Ads are everywhere and the biggest and easiest form of revenue. It may not be the most profitable unless you have tons of hits every day.

Merchandising is quite profitable if you have a recognizable brand. t-shirts with fans favorite games and characters are a great way to make money. Posters, mouse pads, hats etc, call all make you money. But only if your brand has a following.

Licensing is a pretty new one for me. General web development doesn't lend itself to licensing like games do. I like the idea and have toyed with it for some game ideas I have. Certain genres of flash games lend themselves more towardsthis than others.

One that wasn't really touch but briefly in the article is advergaming. One can make a fair amount of money by marketing yourself to the advergaming crowd. You may not be able to build brands and franchises from it, but it can provide a steady revenue stream, especially if you have a good network or businesses.

Caleb Garner
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Yea the service Chris and Adam offers is great. Being a developer who has worked with them first hand, they were very helpful to us beyond just brokering the deal.

The site offers a lot of opportunity for community feedback as well. You can get feedback from other developers if you like and ultimately help make your game even better and thus more likely to bring in greater revenue.

Shawn Yates
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Good article, it's good to learn about some of the licensing options out there for Flash developers. I was totally unaware of Great to see some success stories of independent developers.

Colm Larkin
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Nice article- interesting that the guys making serious money are all using multiple revenue streams.

I'd like to see some of these 'casual' flash game brands make the leap to a maple-story-like persistant game. They do pretty well out of microtransactions after all.

Tõnu Paldra
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While this is well written article, I have a feeling that by focusing on few extremely successful developers it may give pretty skewed image of Flash game markets. There are thousands of game made every month, thousands of developers all hoping to make the next big hit. Yes, many of those games are not even very good but there are countless examples of really good games that practically do not gain any money. Because the Flash games are so easy to make, so many people are jumping in and trying it out and when they dont get sums mentioned in article, Im afraid they may feel cheated.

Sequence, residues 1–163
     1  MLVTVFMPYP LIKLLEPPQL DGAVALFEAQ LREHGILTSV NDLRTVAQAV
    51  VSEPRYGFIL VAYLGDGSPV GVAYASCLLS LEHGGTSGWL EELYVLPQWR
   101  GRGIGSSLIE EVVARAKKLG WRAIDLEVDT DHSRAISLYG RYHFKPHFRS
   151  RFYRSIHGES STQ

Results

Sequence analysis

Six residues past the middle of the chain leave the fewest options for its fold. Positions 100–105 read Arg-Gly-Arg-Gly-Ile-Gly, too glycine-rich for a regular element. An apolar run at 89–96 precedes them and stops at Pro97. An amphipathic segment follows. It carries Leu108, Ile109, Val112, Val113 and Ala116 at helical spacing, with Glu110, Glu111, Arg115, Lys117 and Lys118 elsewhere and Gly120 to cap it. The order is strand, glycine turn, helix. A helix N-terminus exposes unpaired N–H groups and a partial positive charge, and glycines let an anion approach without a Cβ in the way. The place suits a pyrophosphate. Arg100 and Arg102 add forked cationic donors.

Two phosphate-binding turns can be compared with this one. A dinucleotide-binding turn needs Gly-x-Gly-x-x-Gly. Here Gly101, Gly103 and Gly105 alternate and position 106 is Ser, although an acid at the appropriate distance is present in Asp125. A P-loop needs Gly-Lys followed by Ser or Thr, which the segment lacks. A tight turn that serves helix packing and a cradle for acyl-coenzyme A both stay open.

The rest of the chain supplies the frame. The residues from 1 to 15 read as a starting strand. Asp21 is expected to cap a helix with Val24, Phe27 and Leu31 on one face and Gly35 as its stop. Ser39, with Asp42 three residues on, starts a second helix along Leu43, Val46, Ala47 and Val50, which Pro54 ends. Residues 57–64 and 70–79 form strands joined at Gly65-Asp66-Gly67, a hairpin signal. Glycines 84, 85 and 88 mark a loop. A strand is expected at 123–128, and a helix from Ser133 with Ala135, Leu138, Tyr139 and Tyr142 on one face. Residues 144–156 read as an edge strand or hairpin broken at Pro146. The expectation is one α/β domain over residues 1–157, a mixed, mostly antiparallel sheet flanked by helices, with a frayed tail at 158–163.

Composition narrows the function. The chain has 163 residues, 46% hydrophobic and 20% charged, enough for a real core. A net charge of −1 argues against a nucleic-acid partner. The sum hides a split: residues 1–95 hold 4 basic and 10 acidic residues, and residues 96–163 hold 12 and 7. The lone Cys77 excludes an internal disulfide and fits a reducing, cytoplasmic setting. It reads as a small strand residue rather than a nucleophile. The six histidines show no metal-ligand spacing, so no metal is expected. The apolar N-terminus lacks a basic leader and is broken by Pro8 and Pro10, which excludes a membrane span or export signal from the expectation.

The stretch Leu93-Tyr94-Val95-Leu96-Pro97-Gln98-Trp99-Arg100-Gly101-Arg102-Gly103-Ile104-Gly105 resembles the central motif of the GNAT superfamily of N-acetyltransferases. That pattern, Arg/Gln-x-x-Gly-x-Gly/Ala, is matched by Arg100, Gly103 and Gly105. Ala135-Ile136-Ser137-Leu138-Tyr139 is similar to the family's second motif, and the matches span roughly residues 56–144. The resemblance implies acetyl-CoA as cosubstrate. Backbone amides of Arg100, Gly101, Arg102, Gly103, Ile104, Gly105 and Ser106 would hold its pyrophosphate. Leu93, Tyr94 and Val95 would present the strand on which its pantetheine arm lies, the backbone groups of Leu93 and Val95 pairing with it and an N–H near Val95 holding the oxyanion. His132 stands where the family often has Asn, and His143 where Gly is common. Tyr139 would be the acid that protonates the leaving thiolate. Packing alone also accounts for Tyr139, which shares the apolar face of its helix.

Its like writing a article about music business featuring Madonna, Michael Jackson and Britney Spears. The theme: look, you can make money with music! Yes, thats true but honestly, how many artists in reality are gaining such mountains of cash?

Jamie Mann
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Essentially, it sounds like the flash game industry is a low-margin, high-turnover market - and it's fairly high-risk to boot, as you have to commit resources up-front and continue to drive for revenue post-launch.

Overall, there's distinct parallels with the music industry - specifically the singles market. By themselves, singles rarely make much money: the key is to get them picked up for radioplay (aka loaded onto portals) and have them picked up for use in adverts, TV and movies (i.e. embedded advertising/branding).

There is one key difference: the cost of producing music has stayed fairly static - and even dropped, thanks to the evolution of computer-based tools. The cost of game development has risen dramatically over time, thanks in no small part to the cost of producing the assets - and for all that flash games are relatively low-cost at present, the need to remain competitive amid a sea of "free" games means that those costs will rise...

Ben Maher
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This is a great article. Now there are just three things standing between me and low 6 figure sums:

1) I don't know flash.

2) I haven't got a noteworthy game made in flash to market.


3) I don't know flash.

John Petersen
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There's cash in just about everything, depending on who you sleep with.

chris eepor
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Terrific article! It's interesting to see the different revenue models available, you can make good money doing just about anything these days

Kandi Harper
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Im making my own flash game on the side -- since it is so out of my field, it is quite challenging for me, but I love it...

It is interesting to see that as an indie web developer i could pull out good money

Michel Carroll
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Great article. I myself is trying to break into the flash game developement industry. I've always had great game ideas, ever since my early childhood.

This article gave me a good idea of what kind of marketing I should do.